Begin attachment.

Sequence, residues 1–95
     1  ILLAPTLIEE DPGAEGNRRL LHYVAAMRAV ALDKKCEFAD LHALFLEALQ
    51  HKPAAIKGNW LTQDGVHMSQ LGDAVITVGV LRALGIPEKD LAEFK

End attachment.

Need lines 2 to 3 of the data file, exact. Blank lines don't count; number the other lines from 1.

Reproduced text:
     1  ILLAPTLIEE DPGAEGNRRL LHYVAAMRAV ALDKKCEFAD LHALFLEALQ
    51  HKPAAIKGNW LTQDGVHMSQ LGDAVITVGV LRALGIPEKD LAEFK